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Cost of strong mechanisms

The cost of implementing this level of protection against keysearch is not significantly different from that of providing much weaker protection. Indeed, the `40-bit' version of RC4 alluded to in the NHS strategy and rightly described as being weak, is actually a perfectly acceptable 128-bit algorithm -- but 88 of its key bits are sent in the clear in export versions of many US programs as a condition of export licencing.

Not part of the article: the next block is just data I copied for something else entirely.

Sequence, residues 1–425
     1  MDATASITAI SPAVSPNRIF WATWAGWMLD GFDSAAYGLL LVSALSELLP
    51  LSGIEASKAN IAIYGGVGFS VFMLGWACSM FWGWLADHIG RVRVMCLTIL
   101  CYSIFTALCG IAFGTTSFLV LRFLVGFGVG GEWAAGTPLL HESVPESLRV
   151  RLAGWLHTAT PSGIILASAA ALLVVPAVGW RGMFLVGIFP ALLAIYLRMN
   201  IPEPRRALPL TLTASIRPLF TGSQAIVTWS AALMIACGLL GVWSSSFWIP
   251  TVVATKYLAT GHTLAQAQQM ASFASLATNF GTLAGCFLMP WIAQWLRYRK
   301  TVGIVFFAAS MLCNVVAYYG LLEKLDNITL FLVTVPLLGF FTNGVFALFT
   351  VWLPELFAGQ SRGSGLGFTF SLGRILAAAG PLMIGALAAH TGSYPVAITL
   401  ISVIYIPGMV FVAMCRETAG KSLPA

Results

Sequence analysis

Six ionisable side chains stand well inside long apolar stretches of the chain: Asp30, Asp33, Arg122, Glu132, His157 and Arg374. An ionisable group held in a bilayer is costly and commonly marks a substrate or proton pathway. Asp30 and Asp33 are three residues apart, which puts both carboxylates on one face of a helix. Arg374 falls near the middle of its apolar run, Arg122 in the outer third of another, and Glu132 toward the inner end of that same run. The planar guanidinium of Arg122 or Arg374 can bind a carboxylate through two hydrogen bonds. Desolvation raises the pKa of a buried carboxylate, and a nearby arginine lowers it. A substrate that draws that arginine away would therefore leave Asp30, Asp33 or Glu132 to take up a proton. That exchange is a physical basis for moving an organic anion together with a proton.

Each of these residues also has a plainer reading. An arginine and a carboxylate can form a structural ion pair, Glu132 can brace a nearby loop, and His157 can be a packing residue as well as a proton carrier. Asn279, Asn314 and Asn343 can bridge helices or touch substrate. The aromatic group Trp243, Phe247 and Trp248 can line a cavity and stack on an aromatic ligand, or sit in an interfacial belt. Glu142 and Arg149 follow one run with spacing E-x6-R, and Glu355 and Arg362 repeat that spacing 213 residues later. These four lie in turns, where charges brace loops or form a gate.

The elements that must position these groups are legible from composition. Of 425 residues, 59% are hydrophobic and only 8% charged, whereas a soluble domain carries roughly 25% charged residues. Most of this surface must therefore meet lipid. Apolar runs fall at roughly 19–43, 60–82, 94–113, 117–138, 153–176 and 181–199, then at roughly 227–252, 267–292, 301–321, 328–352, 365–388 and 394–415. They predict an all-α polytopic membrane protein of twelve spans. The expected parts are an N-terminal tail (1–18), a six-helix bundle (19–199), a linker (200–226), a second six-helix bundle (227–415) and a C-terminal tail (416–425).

There is no technical reason why strong protection should cost any more, and thus the IMG strategy's recommendation that a 64 bit algorithm should be used when 128 bit algorithms are available in the public domain makes no sense from the engineering point of view. It is also unlikely to inspire confidence in the public and the clinical community, once security professionals have the opportunity to spell this out in plain English.

Ross Anderson
Mon Oct 6 12:47:34 BST 1997